Learning to Swim was originally published in 1982 by London Magazine Editions and was published in the U.S. in April, 1986, by Washington Square Press. It contains eleven short stories, all of which first appeared in British magazines. The collection was very well received in England, where Swift, though young, is already established as one of England's leading writers. In America, however, Learning to Swim received a much less favorable reception than did Waterland (published here in 1985), and in the words of Contemporary Authors (V.122) "more than one critic remarked that some of the tales seemed too studied and even uncompelling." It seems to be the nature of Swift's writing that many of his works, especially these short stories, leave the reader with many unanwered questions. The majority of such questions are, however, easily answered by considering Swift's work as a whole.
Learning to Swim is not a collection of happy, light tales. As one critic writes, "A list of themes reads like a microcosm of the Sunday morning newspapers: infidelity to partner (three), sexual traumas (two), incest (one), age (three), suspected bestiality (one), murder and mayhem (one)." The connections and inter-relation of these stories is even more complex than that critic saw. Each plot line reappears in one of Swift's later novels as a small detail contributing to the whole. There are also several types of images that play important roles in other works. These major images include: water (rivers, streams, ponds, oceans), time (especially when talking about the generation gap), the ongoing "war of the sexes," frequently fought by married couples, the ravages of war, and a common philosophical argument about knowledge and its dangers. These images appear in some combination in almost every story, and are more fully discussed in Swift's novels, The Sweet Shop Owner, Shuttlecock, Waterland, and Out of This World. It has been a concern of some critics that Swift packs too much into each of his stories, in the words of one he "uses too many words... Swift seems to write short stories with the mind of a novelist." The partial truth of this statement is proved by the greater involvement a reader will inevitably feel when confronted with a long novel. The short story for Swift seems to have been a place to try out ideas without having to commit them to a work of several hundred pages.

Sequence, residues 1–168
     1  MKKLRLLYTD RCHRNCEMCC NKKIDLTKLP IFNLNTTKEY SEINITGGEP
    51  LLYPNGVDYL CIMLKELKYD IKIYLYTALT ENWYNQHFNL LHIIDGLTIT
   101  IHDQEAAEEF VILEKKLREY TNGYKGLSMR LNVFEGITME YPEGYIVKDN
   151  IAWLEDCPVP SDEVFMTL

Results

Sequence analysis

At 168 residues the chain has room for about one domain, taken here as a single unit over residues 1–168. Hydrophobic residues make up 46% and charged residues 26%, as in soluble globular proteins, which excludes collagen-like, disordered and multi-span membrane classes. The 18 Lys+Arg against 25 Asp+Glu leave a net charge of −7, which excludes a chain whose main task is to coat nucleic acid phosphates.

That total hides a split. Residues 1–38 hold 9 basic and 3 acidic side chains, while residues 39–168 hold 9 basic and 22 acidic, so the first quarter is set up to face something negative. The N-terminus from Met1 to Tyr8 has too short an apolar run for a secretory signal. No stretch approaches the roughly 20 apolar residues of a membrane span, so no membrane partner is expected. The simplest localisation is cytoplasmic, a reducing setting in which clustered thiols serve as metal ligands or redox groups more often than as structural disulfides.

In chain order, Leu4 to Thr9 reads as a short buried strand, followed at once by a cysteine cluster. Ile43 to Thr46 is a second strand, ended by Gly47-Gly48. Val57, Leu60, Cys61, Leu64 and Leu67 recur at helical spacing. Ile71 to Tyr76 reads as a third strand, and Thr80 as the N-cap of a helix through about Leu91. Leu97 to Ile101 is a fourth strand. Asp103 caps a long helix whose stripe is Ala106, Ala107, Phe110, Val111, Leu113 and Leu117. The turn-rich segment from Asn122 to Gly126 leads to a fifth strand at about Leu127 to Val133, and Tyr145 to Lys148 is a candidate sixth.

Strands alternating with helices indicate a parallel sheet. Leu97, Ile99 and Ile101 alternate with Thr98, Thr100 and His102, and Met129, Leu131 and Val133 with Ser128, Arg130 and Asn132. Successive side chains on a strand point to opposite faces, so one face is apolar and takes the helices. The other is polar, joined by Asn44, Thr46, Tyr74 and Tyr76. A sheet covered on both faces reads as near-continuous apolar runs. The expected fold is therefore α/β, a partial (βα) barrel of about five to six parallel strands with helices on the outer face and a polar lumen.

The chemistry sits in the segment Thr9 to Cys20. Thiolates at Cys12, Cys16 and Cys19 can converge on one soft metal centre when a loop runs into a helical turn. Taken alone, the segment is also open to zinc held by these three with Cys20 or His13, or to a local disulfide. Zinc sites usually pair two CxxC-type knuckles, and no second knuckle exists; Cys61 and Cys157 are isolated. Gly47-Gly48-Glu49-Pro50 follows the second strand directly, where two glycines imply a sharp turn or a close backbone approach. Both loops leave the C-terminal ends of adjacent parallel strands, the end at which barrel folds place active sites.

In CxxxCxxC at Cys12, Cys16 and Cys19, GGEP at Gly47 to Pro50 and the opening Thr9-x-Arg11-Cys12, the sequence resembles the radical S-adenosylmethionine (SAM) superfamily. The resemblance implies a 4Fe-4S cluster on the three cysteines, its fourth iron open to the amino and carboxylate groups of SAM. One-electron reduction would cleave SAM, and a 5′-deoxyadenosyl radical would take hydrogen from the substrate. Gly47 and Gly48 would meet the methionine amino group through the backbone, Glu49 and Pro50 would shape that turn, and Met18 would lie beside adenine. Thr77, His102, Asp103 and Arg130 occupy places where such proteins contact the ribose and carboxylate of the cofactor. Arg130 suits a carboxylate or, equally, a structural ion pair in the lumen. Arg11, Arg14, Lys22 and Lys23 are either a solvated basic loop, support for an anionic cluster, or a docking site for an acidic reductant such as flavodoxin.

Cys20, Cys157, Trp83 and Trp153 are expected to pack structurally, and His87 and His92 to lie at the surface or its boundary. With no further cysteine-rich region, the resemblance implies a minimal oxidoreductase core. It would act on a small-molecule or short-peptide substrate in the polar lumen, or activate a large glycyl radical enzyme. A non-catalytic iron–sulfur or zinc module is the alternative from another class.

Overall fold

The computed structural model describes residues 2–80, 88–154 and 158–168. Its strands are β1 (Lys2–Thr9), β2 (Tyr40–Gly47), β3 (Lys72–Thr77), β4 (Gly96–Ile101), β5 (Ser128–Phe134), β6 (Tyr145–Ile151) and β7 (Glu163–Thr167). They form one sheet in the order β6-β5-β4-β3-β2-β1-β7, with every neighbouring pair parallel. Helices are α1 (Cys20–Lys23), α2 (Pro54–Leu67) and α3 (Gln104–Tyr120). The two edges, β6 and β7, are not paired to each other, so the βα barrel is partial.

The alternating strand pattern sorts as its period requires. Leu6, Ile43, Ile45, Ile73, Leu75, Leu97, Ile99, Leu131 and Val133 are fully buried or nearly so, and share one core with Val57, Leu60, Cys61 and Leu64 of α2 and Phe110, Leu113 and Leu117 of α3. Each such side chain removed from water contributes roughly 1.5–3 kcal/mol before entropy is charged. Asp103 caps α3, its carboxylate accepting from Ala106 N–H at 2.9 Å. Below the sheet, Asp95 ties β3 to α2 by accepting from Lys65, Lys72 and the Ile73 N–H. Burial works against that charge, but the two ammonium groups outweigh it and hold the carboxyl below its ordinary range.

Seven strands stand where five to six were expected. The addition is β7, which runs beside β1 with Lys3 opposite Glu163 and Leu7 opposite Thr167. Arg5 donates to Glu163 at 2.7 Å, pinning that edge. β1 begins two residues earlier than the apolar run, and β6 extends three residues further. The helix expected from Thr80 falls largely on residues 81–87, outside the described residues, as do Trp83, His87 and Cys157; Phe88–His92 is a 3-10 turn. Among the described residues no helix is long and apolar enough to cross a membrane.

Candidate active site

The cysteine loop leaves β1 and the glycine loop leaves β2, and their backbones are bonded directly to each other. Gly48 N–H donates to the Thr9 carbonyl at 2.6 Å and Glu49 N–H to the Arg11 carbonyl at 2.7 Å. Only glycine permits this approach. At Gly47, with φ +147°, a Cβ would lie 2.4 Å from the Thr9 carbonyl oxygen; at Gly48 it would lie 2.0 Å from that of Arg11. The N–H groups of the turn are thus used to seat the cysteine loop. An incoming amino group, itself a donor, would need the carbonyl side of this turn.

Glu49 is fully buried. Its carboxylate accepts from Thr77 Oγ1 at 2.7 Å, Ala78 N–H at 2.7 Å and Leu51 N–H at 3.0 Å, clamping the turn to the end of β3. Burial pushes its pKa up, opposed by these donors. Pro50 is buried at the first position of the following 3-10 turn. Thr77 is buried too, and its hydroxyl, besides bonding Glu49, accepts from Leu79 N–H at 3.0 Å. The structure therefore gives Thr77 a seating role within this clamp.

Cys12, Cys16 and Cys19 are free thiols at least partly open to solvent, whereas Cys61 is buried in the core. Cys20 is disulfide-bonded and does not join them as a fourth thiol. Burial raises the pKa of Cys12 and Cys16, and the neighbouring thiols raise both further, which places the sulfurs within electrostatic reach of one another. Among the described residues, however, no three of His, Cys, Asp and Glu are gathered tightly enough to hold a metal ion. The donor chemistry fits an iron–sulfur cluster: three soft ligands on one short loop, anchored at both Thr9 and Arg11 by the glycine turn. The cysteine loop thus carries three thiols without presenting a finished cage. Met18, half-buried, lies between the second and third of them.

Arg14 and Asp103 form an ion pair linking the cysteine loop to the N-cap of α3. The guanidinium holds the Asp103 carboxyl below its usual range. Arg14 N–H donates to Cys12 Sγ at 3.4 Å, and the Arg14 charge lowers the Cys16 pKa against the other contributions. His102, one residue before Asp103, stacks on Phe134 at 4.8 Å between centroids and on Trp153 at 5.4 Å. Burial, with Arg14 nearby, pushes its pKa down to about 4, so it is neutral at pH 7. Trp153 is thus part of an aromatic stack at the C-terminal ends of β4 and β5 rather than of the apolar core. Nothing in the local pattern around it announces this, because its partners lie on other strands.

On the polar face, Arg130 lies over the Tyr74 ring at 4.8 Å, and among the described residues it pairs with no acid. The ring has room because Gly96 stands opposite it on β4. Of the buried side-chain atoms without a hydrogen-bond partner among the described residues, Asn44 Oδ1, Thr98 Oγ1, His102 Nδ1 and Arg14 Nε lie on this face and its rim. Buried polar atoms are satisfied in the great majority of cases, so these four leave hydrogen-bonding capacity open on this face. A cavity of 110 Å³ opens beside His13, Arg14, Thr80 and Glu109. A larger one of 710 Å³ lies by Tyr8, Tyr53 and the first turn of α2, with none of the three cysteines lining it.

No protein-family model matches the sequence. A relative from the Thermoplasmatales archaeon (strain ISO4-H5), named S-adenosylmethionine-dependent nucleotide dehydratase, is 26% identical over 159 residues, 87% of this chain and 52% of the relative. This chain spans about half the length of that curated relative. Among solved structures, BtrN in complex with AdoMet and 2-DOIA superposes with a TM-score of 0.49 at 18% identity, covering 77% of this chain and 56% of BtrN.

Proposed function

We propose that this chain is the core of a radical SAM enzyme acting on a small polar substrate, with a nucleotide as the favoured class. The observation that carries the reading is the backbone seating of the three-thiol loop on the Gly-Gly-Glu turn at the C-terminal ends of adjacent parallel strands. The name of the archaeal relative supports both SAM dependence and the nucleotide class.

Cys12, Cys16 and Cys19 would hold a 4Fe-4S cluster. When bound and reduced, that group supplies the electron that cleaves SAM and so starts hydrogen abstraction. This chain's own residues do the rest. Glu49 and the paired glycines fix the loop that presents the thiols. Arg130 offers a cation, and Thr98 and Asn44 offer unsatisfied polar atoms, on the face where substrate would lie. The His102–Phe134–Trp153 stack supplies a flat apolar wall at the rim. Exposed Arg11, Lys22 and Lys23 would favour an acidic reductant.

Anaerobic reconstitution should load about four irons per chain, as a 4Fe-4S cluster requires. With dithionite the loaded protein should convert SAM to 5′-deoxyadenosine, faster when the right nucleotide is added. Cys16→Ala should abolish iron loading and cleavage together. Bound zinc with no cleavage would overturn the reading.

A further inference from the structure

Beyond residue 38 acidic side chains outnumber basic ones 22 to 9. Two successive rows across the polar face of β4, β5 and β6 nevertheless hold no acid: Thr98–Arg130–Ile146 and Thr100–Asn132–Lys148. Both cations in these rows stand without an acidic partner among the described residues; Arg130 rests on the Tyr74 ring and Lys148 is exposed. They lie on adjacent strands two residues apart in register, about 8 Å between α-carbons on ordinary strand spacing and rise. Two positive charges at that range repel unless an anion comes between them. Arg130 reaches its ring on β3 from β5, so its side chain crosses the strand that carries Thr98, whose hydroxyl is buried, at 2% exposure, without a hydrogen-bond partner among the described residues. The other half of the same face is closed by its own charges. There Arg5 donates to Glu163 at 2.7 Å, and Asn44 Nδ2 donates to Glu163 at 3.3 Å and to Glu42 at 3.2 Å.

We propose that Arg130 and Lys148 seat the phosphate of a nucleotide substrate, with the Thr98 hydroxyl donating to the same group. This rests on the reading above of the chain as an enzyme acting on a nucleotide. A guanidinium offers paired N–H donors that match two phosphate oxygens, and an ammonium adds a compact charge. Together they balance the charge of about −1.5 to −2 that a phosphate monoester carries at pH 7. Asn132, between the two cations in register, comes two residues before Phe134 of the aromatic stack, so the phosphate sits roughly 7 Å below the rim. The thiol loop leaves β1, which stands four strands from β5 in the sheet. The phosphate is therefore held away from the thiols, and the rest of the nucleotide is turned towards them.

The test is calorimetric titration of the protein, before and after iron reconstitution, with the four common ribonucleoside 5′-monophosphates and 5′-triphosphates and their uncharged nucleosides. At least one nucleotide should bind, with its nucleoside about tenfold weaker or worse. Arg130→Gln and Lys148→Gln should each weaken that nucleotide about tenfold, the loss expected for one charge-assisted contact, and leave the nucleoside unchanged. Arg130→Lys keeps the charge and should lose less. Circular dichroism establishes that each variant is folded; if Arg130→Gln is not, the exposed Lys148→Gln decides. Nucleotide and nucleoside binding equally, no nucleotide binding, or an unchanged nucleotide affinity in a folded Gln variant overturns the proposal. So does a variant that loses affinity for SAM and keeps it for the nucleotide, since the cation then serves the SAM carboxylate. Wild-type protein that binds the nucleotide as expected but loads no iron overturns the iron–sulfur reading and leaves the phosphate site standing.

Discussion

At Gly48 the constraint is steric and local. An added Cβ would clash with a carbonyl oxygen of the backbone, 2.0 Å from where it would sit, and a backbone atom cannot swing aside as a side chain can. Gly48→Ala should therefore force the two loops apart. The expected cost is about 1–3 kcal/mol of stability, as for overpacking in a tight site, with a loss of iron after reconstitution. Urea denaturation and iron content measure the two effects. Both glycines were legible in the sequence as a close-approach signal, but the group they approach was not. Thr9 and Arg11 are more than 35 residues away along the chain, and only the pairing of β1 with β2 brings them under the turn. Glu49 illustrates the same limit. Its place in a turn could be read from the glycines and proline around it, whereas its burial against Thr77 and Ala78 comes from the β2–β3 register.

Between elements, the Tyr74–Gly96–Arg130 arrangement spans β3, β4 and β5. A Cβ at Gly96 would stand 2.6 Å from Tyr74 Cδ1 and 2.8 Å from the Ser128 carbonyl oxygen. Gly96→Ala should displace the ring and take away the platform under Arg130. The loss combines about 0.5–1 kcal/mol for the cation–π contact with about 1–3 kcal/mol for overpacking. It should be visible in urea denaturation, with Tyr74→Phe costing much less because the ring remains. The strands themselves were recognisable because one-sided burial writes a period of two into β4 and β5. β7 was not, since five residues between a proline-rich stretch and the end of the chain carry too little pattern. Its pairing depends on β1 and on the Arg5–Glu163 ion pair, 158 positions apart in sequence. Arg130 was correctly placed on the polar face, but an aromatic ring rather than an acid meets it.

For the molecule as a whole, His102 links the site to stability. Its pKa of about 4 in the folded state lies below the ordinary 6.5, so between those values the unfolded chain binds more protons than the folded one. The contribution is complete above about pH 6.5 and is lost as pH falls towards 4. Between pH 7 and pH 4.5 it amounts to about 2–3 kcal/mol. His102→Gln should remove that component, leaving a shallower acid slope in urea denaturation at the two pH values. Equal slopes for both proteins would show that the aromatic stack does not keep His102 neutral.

It is of stylistic interest that all but one of the stories ("Learning to Swim") are written in first person. A first-person narrative helps the reader to become more involved in the unfolding story, and often gives valuable insight into the minds of the characters, but it also reveals a flaw in Swift's writing. He writes from many different points of view, a range of narrators that extends from old men to little boys (the voice is always male), yet the words are always delivered in the same detached, intellectual voice. This is in large part the author's own voice coming through the text, and is most noticeable when little boys are narrating. It is simply too implausible that children could have the complex thoughts Swift gives them, let alone the vocabulary. Newsweek, among other publications, has compared Swift to Faulkner, but Swift's interior monologue is not quite as competent as his Southern predecessor.
These stories represent a fiction of unrest. All of the characters are unhappy, and in those rare occasions when they are happy they seem to be very uncomfortable. Is it significant that the British reviewers liked these characters more than their American counterparts? An American reviewer remarks that "One unmistakable thing is that [the stories] are all about moral cowards and spineless individuals collapsing within the insidious pressures of evaded responsibilities, evaded vision." While this is true, there is also something very gripping about all of Swift's characters that makes you sympathize. Swift's style evokes empathy from the reader for the character, and fosters in the reader a desire to learn more about the character and his problems. It is Swift's command of this style that make his tragic figures so interesting to the reader.